Discussion in 'Lexus Lounge' started by krew, Feb 3, 2016.
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I just drove the GX 460 and the newest RX 350 side-by-side. It is amazing how the GX still feels significantly nicer than the all-new RX. I would recommend many people to ditch the options in the GX if they were to choose between the two with a strict budget. I would credit the ride quality to the V8 and the platform. I think the GX 460 might ride better than even the LS 460.
Any chance at all that they think about offering a manual again in the IS and RC ? With them being back in Motorsports and all...a manual could reel in a deal from enthusiast buyers who might be looking at a BMW.
Agreed. I understand that with modern technology automatics/dual clutch transmissions may be quicker, but sometimes people just want that driver involvement. Plus, most cars don't ever really see track time so those fractions of a second difference don't really mean all that much in the grand scheme of things.
Thanking the heavens that corporate appreciates GX's success... Makes me feel confident we'll have another one. Just can't wait to see it!
Another good interview! Now I'm looking forward to an interview with Akio Toyoda.
Between Bracken's comments about how surprised they have been with the GX's success, and Templin's comments about there being a place in the lineup for a BOF SUV such as the LX (and omitting GX), it just makes me rather uncertain about what the future holds.
With GX getting long in the tooth, I can only hope that it's name will live on in a unibody vehicle that still has a lot of capability and the required hardware. I would love for it to remain BOF, but I just don't think that's realistic anymore...
Jeep has handled the Grand Cherokee's transition very well... hopefully Toyota/Lexus can do the same.
I wouldn't count on seeing a manual transmission from Lexus ANYTIME soon. And we probably wont be seeing a dual-clutch anytime soon either because AISIN just wrapped up the 10-Speed and the LEXUS engineers do not feel there is a huge advantage in going dual-clutch. So unless there is a change in actual engineering personnel, don't expect either.
Great interview. The mention of the 50/50 split of cars versus SUV sales is interesting, especially when the January sales report is considered. Virtually all the car models saw a year over year decline and the SUV all saw an increase. Granted the NX is a huge success and many of my customers are now making the jump from IS to NX as their young families get started. It seems as if the Lexus master plan is playing out perfectly.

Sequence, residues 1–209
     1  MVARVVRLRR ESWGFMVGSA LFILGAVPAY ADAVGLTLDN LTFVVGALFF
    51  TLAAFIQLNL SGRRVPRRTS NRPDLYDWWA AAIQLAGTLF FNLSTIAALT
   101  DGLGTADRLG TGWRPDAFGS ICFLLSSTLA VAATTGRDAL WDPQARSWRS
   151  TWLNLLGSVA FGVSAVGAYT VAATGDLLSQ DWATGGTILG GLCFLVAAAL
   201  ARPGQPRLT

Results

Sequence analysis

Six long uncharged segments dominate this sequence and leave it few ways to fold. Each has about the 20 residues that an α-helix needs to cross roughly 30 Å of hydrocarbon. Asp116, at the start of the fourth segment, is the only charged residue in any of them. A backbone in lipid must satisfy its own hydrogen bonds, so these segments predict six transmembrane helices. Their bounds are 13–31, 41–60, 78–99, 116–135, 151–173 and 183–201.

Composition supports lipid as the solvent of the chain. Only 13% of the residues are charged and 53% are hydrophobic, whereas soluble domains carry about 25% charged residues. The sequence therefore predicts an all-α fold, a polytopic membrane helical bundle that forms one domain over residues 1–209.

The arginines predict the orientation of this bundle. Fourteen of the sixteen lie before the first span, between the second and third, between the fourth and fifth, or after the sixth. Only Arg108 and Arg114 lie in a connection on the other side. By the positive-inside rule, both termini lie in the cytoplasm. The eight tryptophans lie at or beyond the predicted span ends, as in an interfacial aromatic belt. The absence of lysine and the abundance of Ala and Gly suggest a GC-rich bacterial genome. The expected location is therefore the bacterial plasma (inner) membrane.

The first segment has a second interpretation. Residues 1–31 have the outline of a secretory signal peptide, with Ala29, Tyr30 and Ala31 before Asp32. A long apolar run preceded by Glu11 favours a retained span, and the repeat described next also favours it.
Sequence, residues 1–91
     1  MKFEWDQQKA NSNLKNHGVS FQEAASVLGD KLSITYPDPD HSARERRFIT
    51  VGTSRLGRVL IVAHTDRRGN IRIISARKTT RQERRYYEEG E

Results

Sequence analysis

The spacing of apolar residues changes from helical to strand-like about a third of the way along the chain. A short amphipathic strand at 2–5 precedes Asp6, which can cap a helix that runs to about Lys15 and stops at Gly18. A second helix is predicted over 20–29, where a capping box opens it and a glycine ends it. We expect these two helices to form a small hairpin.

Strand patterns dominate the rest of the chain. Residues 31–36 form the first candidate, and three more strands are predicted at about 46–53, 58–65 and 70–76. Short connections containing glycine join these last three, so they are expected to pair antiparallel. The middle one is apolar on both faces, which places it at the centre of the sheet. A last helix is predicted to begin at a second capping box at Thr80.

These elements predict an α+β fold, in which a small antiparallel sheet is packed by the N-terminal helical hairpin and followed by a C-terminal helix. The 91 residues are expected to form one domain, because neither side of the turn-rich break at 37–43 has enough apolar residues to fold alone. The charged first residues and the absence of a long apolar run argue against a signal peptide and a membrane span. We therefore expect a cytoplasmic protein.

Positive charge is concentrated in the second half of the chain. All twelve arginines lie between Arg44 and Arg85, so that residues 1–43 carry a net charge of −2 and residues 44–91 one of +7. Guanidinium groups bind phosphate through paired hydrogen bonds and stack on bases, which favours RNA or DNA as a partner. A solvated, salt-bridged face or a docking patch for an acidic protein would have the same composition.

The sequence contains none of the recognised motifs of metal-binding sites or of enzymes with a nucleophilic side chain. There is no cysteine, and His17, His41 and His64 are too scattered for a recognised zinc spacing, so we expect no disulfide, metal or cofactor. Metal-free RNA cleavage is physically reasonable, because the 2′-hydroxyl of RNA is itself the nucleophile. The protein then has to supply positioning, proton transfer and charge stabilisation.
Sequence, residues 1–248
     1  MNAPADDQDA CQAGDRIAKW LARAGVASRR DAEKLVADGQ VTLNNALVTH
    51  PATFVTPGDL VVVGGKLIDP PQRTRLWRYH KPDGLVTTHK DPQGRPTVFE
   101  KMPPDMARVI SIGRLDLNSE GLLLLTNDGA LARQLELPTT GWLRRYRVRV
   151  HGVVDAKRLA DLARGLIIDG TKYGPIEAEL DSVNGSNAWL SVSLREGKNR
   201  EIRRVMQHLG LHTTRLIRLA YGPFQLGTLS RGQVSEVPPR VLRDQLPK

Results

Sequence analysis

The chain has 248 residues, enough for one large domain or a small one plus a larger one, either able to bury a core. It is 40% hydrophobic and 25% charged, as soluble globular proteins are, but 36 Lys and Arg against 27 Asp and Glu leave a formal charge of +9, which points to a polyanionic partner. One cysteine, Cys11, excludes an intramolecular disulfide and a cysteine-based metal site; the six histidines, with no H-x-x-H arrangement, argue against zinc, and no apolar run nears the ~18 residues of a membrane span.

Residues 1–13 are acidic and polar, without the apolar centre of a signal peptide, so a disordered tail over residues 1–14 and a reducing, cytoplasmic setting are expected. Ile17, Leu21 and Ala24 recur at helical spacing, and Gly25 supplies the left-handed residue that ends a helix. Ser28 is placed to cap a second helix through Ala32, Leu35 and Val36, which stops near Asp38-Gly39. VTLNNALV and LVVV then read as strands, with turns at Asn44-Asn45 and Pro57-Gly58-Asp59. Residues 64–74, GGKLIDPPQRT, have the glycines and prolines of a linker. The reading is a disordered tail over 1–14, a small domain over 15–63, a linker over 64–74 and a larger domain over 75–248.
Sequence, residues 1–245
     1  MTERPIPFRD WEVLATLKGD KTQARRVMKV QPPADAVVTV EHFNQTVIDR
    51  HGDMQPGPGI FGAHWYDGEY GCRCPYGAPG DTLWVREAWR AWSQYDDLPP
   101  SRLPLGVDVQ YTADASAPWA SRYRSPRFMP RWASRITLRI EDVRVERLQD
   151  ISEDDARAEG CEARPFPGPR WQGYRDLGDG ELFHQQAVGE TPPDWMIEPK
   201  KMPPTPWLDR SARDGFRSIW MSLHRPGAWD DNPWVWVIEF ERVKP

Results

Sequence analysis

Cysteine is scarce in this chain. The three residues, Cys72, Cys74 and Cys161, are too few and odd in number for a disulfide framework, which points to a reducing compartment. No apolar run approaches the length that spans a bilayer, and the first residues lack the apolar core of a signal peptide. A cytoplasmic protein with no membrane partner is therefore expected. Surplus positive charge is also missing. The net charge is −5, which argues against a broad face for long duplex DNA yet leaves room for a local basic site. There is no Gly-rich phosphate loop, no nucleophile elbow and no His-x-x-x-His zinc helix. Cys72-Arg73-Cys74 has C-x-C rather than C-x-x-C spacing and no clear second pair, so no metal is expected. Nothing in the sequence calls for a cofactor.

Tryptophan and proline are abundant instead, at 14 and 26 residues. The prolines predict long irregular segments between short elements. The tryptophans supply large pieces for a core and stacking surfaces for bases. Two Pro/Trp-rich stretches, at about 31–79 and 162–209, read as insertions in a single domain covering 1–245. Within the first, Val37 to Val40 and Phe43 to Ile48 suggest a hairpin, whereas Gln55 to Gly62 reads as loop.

Probably right, but if the itch comes for a standard, guess there's always Bimmer...bummer.
Problem is......even at BMW, manual-transmission availability, though not gone by any means, is being cut back or eliminated on some models.
I just can't see a world with only unibody trucks especially since they are even more popular overseas. I assume the Middle East has a ton of weight in regards to the future of the LX in particular (and LC) since its so popular there.
This was another great interview KREW and Jeff really seems like a great guy. Thanks again!
Oh definitely...the availability of manuals among BMW models is unfortunately narrowing as well, with stick available mostly in the models that the enthusiasts would still buy like most of the M3,4,5 and M135i.
Lexus manuals were never great in the first place. I don't miss them.
SUV is definitely the trend to go. Lexus used to have the most SUV models, but nowadays most competitors have at least the same numbers of SUV if not having more in their lineup.
I would say that using the new platform of LC500 to design a flagship unibody SUV will not only give Lexus a good possibility to generate profit, but also can lift the brand recognition to another good level. The aim should be high, the big loaded Range Rover is a good reference.
Then, a 3-row crossover is the way to move the bigger number in sale. It must be quite difficult to design a 3-row people mover like a true SUV. Those MDX/new Q7/GL just look like minivans on diet to me. Lexus please try harder, and show us a better one when it comes out.
For GX, there must be some lessons learned. One of the things is that most people paying big bucks for a luxury vehicle don't want to be looked as homely boys. BoF GX is unique in luxury SUV now, especially considering its size. Still, people want that. The next gen should be quite easy. I would say that a inch wider/a inch lower/1-2 inch longer with another quality interior and an evolved exterior. A de-tuned 5.0 V8+8 speed=next GX500
Lexus has its own experience and success, and should not chase the same game as German, instead focus on its own established styles which are the core values of Lexus owners looking for.
That, of course, assuming the LC platform is actually large enough for a flagship SUV.